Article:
Florida Film Fest review: BIG STAR: NOTHING CAN HURT ME
BIG STAR: NOTHING CAN HURT ME
This necessary documentary tells a story through the speckled old photographs of “a reluctant rock band with an ironic name.” Most of the joy in Big Star: Nothing Can Hurt Me comes from nostalgic critics who helped Big Star to become a band known for their devotion to creating new sounds that put to shame today’s lazier laptop musicians. The film’s narrative is treated like a child torn between divorced parents – its time is divided between influential lead singer Alex Chilton and founding member Chris Bell, who left Big Star after the release of their first album. Chilton offers the film a quirky energy and allows it to focus on a wider selection of releases (and footage from the Cramps!), but it’s Bell’s comeback at the end of the film that will make you want to drive straight home and attentively listen to “You and Your Sister” on repeat.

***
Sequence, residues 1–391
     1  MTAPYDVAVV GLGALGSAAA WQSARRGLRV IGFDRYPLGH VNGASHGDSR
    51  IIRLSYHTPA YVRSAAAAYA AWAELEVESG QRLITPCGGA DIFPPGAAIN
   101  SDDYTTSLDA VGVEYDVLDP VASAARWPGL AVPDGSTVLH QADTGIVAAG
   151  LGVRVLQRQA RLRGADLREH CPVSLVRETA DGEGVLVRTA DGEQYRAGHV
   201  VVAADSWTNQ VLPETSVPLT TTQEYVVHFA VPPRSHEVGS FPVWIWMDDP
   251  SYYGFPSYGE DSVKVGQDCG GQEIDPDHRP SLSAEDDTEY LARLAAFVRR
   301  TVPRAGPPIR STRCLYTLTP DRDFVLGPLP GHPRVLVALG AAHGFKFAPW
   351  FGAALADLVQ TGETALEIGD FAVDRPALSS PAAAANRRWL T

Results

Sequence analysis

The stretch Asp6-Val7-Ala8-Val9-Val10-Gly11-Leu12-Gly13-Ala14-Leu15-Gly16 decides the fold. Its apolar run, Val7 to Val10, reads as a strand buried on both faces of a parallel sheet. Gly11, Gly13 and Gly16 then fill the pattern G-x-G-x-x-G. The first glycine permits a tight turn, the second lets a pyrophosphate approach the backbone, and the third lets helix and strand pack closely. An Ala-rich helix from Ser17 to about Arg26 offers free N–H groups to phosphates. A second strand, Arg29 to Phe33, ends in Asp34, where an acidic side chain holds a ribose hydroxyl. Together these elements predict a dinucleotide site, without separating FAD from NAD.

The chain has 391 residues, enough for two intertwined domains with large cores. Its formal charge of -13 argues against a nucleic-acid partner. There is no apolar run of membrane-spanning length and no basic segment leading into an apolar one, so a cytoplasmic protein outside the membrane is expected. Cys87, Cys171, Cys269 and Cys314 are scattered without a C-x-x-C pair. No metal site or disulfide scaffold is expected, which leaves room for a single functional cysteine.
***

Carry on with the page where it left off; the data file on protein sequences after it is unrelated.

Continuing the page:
The gear close-ups alone (especially of the Mellotron) will make the film worthwhile viewing for music nerds, but be prepared to die from envy when you hear about the access Big Star had to Memphis’ legendary Ardent Studios, which made their sonic adventuring possible. Plus, the Memphis footage is undeniably exciting to relive, especially the legitimate partying at T.G.I. Friday’s. Although the film is slow at times (often showing us the same photographs over and over), Chilton’s charm and his love-it-or-leave-it sound evolution make it a must-see for those impressed by sonic devoutness.